Vaccinations are a crucial component of any puppy’s health regimen. They protect them against common and potentially deadly diseases and are relatively cheap and easy.
All puppies should be vaccinated with the C3 Core Vaccine. This protects against 3 of the most common, deadly viruses that your puppy is likely to encounter, Distemper, Parvovirus, and Hepatitis. In addition, we recommend the C5 vaccine, which protects against the two major causes of Canine Cough, Parainfluenzea and Bordatella Bronchiseptica. The C7 vaccination is not always necessary but can be recommended by some vets where puppies need this C7 vaccination as protection against Leptospirosis and Tetanus in areas of Australia where these viruses are a risk.
If all this technical language seems a bit confusing, don’t stress! Check out our in-depth article about vaccinations (when and how), here.
New puppy owners are always faced with a difficult question, should I desex my new puppy? While different factors might weigh in on this decision, many would consider desexing your puppy as the responsible decision to make as an owner. Most veterinarians recommend that all puppies should be desexed before they reach 6 months to reduce the onset of potentially negative behaviours associated with sexual maturity in puppies.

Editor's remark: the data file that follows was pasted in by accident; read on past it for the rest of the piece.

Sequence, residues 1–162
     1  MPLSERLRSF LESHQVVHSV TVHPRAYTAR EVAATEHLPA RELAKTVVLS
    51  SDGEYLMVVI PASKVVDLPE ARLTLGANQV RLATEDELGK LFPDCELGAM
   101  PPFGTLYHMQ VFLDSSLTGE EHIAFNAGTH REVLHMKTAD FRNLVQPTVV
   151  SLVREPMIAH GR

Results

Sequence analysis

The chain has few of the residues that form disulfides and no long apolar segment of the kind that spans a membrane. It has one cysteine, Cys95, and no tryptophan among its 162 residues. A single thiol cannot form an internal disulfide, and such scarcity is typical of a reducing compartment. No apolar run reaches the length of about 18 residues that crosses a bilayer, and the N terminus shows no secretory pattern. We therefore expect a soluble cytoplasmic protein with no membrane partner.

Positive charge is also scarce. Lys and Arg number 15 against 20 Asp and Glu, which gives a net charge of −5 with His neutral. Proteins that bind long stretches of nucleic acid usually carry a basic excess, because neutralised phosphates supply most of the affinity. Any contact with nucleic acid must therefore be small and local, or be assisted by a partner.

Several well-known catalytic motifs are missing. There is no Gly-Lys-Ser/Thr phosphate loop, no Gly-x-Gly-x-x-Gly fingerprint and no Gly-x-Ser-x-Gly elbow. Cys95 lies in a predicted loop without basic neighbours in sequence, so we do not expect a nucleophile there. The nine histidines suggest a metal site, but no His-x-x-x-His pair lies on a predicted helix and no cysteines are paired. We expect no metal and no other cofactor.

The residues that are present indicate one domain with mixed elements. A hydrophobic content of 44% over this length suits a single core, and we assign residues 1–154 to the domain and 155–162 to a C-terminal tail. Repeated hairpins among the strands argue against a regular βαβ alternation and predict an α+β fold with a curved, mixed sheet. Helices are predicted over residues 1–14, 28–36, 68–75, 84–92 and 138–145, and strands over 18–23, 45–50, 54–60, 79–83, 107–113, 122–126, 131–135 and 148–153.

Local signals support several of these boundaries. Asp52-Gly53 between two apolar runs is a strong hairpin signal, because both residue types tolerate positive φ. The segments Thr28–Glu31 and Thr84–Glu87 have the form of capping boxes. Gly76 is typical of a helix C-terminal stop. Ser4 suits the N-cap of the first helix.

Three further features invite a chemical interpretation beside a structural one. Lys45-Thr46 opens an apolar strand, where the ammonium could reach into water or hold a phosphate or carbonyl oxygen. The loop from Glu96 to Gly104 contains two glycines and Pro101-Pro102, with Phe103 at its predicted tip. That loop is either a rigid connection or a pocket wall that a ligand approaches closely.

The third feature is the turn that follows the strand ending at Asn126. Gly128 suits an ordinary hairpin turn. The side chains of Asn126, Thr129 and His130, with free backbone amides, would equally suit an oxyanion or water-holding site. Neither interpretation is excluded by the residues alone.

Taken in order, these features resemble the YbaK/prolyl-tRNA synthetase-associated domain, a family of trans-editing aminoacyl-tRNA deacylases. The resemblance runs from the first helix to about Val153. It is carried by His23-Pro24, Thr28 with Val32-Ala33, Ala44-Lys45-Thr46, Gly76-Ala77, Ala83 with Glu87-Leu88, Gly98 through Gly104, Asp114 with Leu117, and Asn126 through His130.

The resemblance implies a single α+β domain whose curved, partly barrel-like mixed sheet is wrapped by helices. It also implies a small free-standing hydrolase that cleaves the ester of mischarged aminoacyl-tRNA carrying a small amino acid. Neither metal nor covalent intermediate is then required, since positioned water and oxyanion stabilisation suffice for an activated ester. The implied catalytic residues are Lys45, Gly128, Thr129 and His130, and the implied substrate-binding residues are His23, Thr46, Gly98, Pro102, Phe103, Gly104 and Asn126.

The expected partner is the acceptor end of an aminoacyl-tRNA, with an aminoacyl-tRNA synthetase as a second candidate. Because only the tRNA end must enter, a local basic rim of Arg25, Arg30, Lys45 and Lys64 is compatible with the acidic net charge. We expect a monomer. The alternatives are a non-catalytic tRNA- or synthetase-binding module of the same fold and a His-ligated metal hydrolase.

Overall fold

What to Consider When Choosing Whether to Desex a Puppy
Firstly, will you be attempting to breed your puppy. That is, do you have the intention and ability to professionally breed your puppy in the future? If so, consult your veterinarian about what the correct procedure will be for your case.
Next, is your puppy a male or a female? Male desexing, called castration, and female desexing, called spaying, are different procedures, with different benefits and different risks. It is worth considering how desexing will affect your puppy in general before deciding on when to desex your puppy.
Lastly, is your puppy a larger breed, or do they have a higher risk of hip dysplasia or cruciate ligament disease? Desexing has been shown to, in some cases, increase the risk of these diseases. If your puppy is prone to joint related illnesses, it might be a good idea to consult your veterinarian about whether late age desexing is right for your puppy.
Many dogs over the age of 4 (up to 80%) will experience some type of gum disease. These diseases can lead to potentially irreversible damage to the gums, teeth, and other organs. With dental disease, prevention is always better than cure and it pays to provide your puppy with a great oral hygiene routine. This includes a balanced, quality, nutritious diet, and raw bones up to once a week. Naturally, dogs will gnaw at the bones of their prey after a kill and this will keep their teeth in check so its important to replicate this in the domestic setting. Lastly, its also important to have your puppy’s teeth regularly checked out and cleaned to ensure any issue is caught early. Find out more about dental care here.
Heartworm and Gastro-Intestinal Worms
Heartworms are thin parasites, approximately 30cm long which live in the heart and surrounding arteries and feed on surrounding blood. Heartworm larvae are spread by mosquito bite and quickly find their way to the heart, rapidly growing and multiplying.